COLOMBO (AFP) - Sri Lankan authorities are investigating a claim that the toppled president's younger brother ran a "death squad" and ordered a high-profile newspaper editor's assassination, a police spokesman said Sunday.
Former defence secretary Gotabhaya Rajapaksa ordered the hit on Lasantha Wickrematunga in January 2009, ex-public relations minister Mervyn Silva alleged in a formal complaint lodged with police Saturday, the spokesman said.
Wickrematunga was fatally shot in 2009, just days before he was due to testify in a defamation case Rajapaksa had filed against his paper, which had been highly critical of the then-ruling family.
"We have received a complaint that Gotabhaya Rajapaksa was responsible for abductions, assaults and murder," police spokesman Ajith Rohana told AFP. "Three murders have been mentioned and one is that of Lasantha Wickrematunga. He (Rajapaksa) is accused of running a death squad." Rajapaksa could not be contacted for comment.
Wickrematunga and his Sunday Leader newspaper were vocal critics of Rajapaksa's administration, and had accused Gotabhaya of corruption over the purchase of second-hand aircraft and arms for the military.
At the time, the government denied it was behind Wickrematunga's killing, but Saturday's complaint reopens the unsolved murder case.
Since Mahinda Rajapaksa's defeat during January 8 presidential elections, complaints have flooded a Sri Lankan anti-graft commission alleging huge corruption by members of his administration.
The ex-leader himself faces allegations that he tried to use military force and remain in office when it became clear during the vote count that he was headed for a defeat.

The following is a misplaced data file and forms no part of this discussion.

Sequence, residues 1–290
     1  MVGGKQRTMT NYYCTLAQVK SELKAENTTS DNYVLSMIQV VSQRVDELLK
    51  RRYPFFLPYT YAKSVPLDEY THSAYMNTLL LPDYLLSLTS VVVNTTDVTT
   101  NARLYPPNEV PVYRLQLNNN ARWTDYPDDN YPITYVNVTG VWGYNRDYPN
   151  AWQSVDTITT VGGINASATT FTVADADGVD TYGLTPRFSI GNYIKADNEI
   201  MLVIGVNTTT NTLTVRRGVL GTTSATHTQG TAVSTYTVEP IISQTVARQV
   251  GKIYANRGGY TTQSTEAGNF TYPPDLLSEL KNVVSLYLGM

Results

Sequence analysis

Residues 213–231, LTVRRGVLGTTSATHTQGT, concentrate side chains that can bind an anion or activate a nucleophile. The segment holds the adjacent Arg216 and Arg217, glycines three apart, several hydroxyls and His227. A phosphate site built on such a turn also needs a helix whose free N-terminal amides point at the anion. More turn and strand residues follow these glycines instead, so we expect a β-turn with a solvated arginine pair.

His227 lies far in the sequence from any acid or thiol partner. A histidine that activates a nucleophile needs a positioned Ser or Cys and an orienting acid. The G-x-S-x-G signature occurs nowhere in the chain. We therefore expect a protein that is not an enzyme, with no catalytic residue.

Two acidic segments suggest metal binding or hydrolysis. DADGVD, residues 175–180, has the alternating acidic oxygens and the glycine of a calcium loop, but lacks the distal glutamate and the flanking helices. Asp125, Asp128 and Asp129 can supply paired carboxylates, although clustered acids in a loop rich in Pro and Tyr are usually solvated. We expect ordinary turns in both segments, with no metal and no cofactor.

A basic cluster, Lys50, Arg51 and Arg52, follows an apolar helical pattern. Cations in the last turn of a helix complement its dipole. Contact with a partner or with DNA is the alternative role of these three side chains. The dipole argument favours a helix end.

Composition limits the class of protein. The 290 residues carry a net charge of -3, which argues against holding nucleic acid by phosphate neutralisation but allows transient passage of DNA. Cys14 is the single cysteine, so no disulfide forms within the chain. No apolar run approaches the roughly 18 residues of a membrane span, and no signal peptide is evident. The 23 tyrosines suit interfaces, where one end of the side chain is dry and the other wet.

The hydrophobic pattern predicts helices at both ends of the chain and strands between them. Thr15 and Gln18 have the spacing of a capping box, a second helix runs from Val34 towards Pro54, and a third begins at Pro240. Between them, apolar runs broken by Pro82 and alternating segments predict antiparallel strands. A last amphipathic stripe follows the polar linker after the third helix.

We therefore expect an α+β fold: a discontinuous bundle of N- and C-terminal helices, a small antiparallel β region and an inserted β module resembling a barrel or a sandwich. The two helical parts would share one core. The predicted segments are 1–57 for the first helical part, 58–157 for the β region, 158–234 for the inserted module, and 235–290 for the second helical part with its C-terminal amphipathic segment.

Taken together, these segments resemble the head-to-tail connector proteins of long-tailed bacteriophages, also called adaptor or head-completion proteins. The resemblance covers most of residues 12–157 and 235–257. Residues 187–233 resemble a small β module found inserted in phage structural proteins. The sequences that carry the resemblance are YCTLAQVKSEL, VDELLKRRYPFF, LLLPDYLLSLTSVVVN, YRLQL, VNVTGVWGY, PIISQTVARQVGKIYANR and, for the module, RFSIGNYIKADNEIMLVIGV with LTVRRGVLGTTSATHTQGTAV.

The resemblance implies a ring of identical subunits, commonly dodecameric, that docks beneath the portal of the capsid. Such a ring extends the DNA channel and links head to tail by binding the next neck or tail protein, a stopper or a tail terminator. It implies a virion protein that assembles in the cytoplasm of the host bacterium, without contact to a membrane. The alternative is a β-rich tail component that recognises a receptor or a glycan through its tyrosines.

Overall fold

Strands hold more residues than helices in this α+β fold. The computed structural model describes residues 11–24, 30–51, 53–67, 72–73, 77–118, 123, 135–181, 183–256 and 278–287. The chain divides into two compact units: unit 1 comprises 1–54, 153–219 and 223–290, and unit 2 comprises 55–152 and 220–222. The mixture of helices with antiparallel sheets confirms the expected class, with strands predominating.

Sri Lanka has faced international strictures over its dismal human rights record during the past decade, with rights groups accusing Rajapaksa of silencing critics and dissidents.
In his complaint, Silva also said Gotabhaya was the "architect of white van abductions".
Being "white-vanned" became synonymous with abductions in Sri Lanka after dozens of people were abducted in white vans, their dead bodies later dumped by the road.
The tactic was widely reported to be used by security forces against opponents during and after the island's drawn-out Tamil separatist conflict, which ended in May 2009.
Scores of independent journalists and political dissidents are still living abroad in exile.
Rajapaksa's administration also faced allegations that his troops killed at least 40,000 Tamil civilians while crushing Tamil Tiger guerrillas in the final stages of the ethnic war.
The new government of Maithripala Sirisena has promised reparations and a domestic investigation into war time atrocities committed by security forces.